Serial Images and Reading the City

A week ago I visited the Surrey Arts Centre for the Among the Plazas and the Courts: Writers Reading the City event. Presented in partnership with Kwantlen Polytechnic University’s Creative Writing program.

With all the changes happening in Surrey, I thought it would be interesting to hear how the expression of ‘city life’ is changing in writing and art. After all, art imitates life, right?

Upon entering the Arts Centre, my first stop was the gallery to check out Beyond Vague Terrain: The City and the Serial Image. This exhibition showcases a combination of photography and serial images to represent ideas of the city.

Some of my favourites:  Sylvia Grace Borda’s . A very bold, yet somber collection of  backdrops and bus stops in Surrey. Did you know that there are 1100 bus stops in Surrey? Enjoyed the larger -than- life stops of the city.

Another winner is Vancouver Apartments by Chris Gergely,  a series of photographs of walk up apartment buildings in Vancouver. I spent a lot of time in front of these, examining the way these apartments invite us in through their glass doors. Retro in the urban. Some of the photographs made me feel like I was standing in front of an-old time stage. I’ll never see a walk up apartment in the same light again.

Millennium Line by Khan Lee is composed of a series of photos that continued the length of 3 walls, simulating a panoramic ride with the vantage point from the top of a moving Skytrain car. 300 000 stills were used in the piece. If you ride the train, you’ll appreciate this meaningful combination of stillness and movement through serial photography. The art exhibit runs to March 18th & I highly recommend that you check out all the fabulous displays. Grab a coffee at the gallery cafe, take in some art, and contemplate the city.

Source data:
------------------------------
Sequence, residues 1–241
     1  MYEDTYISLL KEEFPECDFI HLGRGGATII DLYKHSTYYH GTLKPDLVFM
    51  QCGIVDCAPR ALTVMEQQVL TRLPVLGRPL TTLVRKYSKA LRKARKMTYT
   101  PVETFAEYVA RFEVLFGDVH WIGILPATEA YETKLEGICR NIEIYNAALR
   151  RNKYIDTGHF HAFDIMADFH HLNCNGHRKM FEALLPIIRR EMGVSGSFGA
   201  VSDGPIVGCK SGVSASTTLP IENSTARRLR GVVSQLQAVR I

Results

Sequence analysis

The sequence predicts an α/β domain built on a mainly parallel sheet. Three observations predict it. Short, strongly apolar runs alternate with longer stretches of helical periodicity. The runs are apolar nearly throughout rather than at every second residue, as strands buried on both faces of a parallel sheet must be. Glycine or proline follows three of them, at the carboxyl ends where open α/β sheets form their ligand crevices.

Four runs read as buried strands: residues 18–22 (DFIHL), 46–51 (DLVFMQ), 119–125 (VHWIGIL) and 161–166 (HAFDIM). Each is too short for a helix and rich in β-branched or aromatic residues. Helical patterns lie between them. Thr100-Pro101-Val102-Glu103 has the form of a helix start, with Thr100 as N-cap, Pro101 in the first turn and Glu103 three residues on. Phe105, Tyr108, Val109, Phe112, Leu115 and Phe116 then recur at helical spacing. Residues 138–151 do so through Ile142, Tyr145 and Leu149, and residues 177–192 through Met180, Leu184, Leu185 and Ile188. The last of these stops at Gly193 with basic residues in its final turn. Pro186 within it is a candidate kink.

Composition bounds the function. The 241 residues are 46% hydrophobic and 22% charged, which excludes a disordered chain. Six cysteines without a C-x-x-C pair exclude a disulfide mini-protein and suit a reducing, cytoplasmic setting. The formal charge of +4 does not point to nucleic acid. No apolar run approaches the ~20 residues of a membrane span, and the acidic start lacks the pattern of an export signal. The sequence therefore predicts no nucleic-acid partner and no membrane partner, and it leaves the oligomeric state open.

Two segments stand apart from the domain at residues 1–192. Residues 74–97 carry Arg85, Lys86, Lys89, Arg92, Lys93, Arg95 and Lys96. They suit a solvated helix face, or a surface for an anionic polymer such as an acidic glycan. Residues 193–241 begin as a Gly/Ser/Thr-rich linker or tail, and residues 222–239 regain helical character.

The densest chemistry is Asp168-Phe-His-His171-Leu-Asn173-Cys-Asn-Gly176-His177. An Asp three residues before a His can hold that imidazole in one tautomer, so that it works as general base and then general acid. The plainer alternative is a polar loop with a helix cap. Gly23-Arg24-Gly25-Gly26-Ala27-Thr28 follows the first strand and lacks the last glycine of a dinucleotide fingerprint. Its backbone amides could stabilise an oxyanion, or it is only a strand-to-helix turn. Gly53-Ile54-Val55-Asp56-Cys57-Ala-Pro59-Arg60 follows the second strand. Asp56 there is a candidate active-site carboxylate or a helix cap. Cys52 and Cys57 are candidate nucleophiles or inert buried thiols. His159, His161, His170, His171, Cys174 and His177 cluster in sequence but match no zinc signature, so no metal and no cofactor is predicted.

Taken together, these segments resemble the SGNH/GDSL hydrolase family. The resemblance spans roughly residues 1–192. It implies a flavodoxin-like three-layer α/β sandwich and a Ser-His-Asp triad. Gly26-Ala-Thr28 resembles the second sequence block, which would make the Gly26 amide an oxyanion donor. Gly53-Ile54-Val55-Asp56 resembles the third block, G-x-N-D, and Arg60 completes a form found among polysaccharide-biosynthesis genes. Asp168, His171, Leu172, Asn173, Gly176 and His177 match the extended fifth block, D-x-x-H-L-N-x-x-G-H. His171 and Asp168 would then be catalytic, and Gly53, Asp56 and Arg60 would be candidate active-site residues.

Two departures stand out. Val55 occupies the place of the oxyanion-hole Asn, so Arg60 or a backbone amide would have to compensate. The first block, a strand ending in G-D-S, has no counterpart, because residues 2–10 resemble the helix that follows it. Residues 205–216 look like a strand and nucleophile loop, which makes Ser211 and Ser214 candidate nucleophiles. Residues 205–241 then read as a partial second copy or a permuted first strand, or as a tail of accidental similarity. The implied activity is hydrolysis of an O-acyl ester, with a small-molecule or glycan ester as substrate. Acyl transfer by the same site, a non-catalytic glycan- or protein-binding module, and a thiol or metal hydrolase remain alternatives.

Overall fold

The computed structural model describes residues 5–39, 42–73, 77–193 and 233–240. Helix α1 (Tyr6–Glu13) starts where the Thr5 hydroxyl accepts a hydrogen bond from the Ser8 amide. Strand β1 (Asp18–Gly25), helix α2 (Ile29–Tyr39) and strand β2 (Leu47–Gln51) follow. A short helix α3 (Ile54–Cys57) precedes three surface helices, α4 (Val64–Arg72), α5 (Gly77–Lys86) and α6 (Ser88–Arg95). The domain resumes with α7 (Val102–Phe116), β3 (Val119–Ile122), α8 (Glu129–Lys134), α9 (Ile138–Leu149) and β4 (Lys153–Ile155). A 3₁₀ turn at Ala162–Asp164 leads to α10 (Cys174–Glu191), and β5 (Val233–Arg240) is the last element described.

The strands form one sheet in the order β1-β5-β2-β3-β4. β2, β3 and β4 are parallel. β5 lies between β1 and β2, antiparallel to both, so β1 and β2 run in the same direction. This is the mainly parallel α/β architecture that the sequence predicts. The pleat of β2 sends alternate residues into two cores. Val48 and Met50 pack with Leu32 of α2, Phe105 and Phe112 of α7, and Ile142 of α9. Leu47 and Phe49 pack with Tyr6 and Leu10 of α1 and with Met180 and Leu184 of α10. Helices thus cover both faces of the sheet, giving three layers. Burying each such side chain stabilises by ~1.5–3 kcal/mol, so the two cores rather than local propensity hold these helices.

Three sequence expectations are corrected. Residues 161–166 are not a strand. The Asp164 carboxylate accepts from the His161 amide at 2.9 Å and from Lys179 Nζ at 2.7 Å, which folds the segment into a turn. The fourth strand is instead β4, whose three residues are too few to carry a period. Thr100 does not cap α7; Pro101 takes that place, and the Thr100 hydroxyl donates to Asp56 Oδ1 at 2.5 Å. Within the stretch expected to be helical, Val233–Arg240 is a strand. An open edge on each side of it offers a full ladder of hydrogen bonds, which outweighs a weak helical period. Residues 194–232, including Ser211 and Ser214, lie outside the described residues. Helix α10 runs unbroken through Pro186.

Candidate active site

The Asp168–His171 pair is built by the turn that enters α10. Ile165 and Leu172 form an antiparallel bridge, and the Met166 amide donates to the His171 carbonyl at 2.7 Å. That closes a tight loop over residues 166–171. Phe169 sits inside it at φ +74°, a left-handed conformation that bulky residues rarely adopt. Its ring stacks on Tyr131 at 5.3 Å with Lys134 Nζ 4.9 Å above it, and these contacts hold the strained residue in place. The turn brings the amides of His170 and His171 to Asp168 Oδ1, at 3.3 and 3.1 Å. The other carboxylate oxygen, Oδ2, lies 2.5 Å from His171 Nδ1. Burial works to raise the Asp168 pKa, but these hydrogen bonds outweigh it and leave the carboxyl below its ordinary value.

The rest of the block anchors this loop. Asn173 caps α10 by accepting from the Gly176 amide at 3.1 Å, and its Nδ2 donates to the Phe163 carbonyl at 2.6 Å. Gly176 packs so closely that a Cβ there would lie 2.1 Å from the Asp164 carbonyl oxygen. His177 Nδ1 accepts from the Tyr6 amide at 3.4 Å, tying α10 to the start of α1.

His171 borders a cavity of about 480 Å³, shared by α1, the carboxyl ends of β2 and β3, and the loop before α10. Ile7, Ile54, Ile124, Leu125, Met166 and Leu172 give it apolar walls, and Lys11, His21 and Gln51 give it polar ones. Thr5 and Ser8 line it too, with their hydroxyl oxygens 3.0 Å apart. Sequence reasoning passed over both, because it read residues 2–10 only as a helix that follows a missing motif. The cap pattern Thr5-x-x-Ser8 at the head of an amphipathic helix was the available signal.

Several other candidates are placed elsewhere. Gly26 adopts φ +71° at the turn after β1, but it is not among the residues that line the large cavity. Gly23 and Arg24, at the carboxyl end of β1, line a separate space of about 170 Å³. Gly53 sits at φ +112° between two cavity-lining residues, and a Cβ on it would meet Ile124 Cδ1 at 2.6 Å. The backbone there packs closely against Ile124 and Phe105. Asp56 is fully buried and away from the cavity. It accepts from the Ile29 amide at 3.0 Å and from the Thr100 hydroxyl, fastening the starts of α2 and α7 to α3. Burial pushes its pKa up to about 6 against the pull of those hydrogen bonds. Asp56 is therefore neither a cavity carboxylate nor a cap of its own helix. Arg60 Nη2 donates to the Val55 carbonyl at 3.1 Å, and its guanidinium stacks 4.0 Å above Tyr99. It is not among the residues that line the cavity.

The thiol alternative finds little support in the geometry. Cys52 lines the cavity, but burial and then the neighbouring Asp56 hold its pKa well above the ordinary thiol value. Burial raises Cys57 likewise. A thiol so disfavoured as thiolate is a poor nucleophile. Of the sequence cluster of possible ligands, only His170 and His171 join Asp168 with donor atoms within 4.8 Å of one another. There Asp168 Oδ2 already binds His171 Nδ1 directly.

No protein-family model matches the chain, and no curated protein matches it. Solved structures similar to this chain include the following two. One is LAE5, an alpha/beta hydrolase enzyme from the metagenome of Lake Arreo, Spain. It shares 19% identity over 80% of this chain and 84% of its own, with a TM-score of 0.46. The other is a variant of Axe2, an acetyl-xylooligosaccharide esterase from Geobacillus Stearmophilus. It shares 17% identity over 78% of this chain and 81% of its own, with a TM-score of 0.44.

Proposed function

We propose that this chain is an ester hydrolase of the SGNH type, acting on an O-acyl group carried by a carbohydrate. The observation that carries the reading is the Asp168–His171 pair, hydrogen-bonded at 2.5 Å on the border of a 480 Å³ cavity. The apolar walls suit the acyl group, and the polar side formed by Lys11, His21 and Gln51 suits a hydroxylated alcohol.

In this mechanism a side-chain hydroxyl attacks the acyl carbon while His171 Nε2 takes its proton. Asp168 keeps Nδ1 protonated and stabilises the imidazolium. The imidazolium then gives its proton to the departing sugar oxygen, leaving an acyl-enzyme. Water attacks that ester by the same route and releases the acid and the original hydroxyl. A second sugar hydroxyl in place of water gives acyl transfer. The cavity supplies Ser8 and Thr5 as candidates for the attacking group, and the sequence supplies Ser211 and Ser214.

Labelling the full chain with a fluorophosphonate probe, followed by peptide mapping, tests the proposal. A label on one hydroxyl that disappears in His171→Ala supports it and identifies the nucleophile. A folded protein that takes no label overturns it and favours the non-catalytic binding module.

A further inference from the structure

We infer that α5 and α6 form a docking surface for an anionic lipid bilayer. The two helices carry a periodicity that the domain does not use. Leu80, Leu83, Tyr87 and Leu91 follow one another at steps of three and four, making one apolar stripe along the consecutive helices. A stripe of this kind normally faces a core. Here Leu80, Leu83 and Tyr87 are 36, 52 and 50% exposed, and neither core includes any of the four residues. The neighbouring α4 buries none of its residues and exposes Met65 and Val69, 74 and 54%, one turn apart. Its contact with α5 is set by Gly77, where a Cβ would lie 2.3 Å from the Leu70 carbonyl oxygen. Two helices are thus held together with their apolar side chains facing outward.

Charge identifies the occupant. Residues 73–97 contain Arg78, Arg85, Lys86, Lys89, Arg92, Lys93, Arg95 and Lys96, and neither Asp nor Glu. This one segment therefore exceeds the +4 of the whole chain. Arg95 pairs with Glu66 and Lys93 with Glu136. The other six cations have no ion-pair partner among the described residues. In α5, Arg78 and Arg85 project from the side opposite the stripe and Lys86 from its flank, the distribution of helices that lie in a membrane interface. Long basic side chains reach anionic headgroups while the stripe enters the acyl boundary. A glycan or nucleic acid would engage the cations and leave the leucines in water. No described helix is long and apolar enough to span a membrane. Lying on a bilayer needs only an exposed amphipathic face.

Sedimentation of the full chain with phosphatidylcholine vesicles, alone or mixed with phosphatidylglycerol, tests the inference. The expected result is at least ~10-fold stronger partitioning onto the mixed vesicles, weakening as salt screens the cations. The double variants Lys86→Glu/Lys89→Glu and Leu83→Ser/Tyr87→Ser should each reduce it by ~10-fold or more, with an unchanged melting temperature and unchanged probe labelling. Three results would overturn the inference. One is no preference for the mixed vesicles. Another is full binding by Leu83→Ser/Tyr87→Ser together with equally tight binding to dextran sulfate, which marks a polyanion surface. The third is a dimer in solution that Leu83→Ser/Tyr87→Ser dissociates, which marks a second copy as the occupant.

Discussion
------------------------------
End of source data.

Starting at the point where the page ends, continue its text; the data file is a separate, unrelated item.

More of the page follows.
There were four writers on the panel of Reading the City that evening, locals Sadhu Binning, Jeff Derksen and Cecily Nicholson, and Portland-based writer, Matthew Stadler (who told me he ventured to Vancouver via rail. Must do that sometime). Each read selections and provided commentary on their own works and other authors, reflecting various aspects and ideas of the city.

I enjoyed all the writers, their perspectives and heart they brought to the readings and discussions. Sadhu Binning recited a colourful poem reminiscing about the people who  lived on his route when he worked as a postman in the 1970s. Cecily Nicholson gave an emotive and insightful  depiction of life in a Whalley neighbourhood written after coming home from her experience of the G20 in the summer of 2010. Jeff Derksen was clever, playful and thought- provoking with his style of writing. The questions he poses through his work made me more aware of Capitalism within the context of the urban environment. Matthew Stadler was quirky and highly intriguing. His mention of the ‘in- between city’  and how the city landscape is portrayed by people and literature. Very relevant in today’s world of constant change in our environments.  I was inspired by all these unique individuals.

I was very thankful that I spent some time at this event taking in these forms of expression. Remember, you don’t have to be a connoisseur of fine things to appreciate and enjoy art. Art is a tool for learning and discovery that is open for everyone to enjoy.  As I sat in the program room that had reached capacity, I realized that I was sitting amongst a diverse group of people from all generations and backgrounds living this experience together.  I spoke with some of the people who seemed like regulars and others who seemed to be visiting the art space for the first time. It truly was a feeling of community & we are fortunate to have these spaces and places to get together.  There’s art waiting for you in the city, so make a point to check out what’s going on at the Surrey Arts Centre.






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